Alpine Skiing is the oldest of all the Army’s Winter Sports. The Army Ski Association was formed at the behest of Field Marshal Montgomery in 1947 to provide a break from routine training and operations in the immediate post-war years, whilst developing military and technical skills on snow and ice.
Since then the Army Ski Association has developed into the Army Winter Sports Association and the Army’s participation in Alpine Skiing has grown apace. Well over 1000 people take part in Army Alpine Ski racing each year and our mission is simply to find the fastest skiers in the Army. Once we have done that we then put them up against the Navy and the RAF. The Army currently runs a total of 14 different race championships. These range from the various Corps Championships run by the Army’s different Corps for their members, to the two Divisional Championships – Exercises SPARTAN HIKE and PIPEDOWN and then finally the Army Championship – Exercise LION’S CHALLENGE. If you want to get involved in Alpine Ski racing then your first port of call is your Unit Sports Officer. If you need more information then please contact email@example.com.
Competitive Alpine Skiing is carried out in the following categories:
- Super Giant Slalom
- Giant Slalom
Seeding is a scheme developed at international level over many years which is intended to provide a consistent measure of performance within and between races. It uses a well-honed formula which relates each racer’s time to the winner’s time, and also factors in the ‘level’ of the race by taking account of the capabilities of the best racers amongst those taking part. The formula is defined by the International Ski Federation (FIS) and is the same one that is used at all levels of racing.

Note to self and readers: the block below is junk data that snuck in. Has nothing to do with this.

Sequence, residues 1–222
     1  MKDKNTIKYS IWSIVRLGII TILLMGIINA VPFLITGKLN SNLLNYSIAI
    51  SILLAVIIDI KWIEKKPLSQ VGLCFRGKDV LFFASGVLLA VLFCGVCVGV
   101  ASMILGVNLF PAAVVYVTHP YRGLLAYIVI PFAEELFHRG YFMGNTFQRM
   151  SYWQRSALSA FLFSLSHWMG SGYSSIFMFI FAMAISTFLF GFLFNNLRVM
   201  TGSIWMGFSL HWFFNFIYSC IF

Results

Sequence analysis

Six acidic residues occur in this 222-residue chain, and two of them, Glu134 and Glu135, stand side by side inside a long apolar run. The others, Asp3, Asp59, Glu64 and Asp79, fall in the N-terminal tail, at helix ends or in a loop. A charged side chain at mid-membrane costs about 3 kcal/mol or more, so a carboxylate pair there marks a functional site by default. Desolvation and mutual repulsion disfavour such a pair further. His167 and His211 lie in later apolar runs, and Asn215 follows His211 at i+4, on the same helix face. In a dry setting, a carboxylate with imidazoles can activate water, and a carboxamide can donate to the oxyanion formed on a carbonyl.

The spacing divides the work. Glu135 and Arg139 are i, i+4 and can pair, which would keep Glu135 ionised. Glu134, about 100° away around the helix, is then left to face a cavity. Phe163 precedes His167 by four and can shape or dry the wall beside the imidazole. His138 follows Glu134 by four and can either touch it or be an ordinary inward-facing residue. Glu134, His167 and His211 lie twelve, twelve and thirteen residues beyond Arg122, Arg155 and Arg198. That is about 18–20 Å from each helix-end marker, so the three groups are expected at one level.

Results from all ‘approved’ calendar races are collated and processed at intervals during the season to produce the ‘Seed Lists’ (lists of Seed Points for all registered racers), which are then published in various formats for racers and race organisers to use. Although often used to measure individual performance, Seed Lists are officially used to check eligibility against race entry criteria and to determine race start order.
Two seeding schemes are run, each covering different skiing ‘surfaces’. The British Alpine Seeding System (BASS) covers recognised British races that take place on snow during the winter. The British Artificial Seeding System (BARTS) covers artificial slope races that take place here in the UK throughout the year.
- BASS (Snow)
- BARTS (Artificial)
GB Snowsport (GBS) is the National Governing Body for Alpine events. GBS manages the elite British teams and the development pathway for those elite teams, providing development programmes for alpine skiing, cross country, freestyle, and snowboarding.
In July 2018, British Ski and Snowboard (BSS) rebranded to GB Snowsport (GBS), taking on the responsibilities for Para Snowsports, including Alpine, Nordic and Snowboard, while it continues to licence competitors in Alpine, Cross Country, Freestyle Skiing, Snowboarding, Telemark, Speed Skiing and Ski Jumping. Over 350 athletes are registered with GBS and compete in international events, and the organisation works closely with Clubs, Academies and the Home Nations to provide opportunities for aspiring international athletes.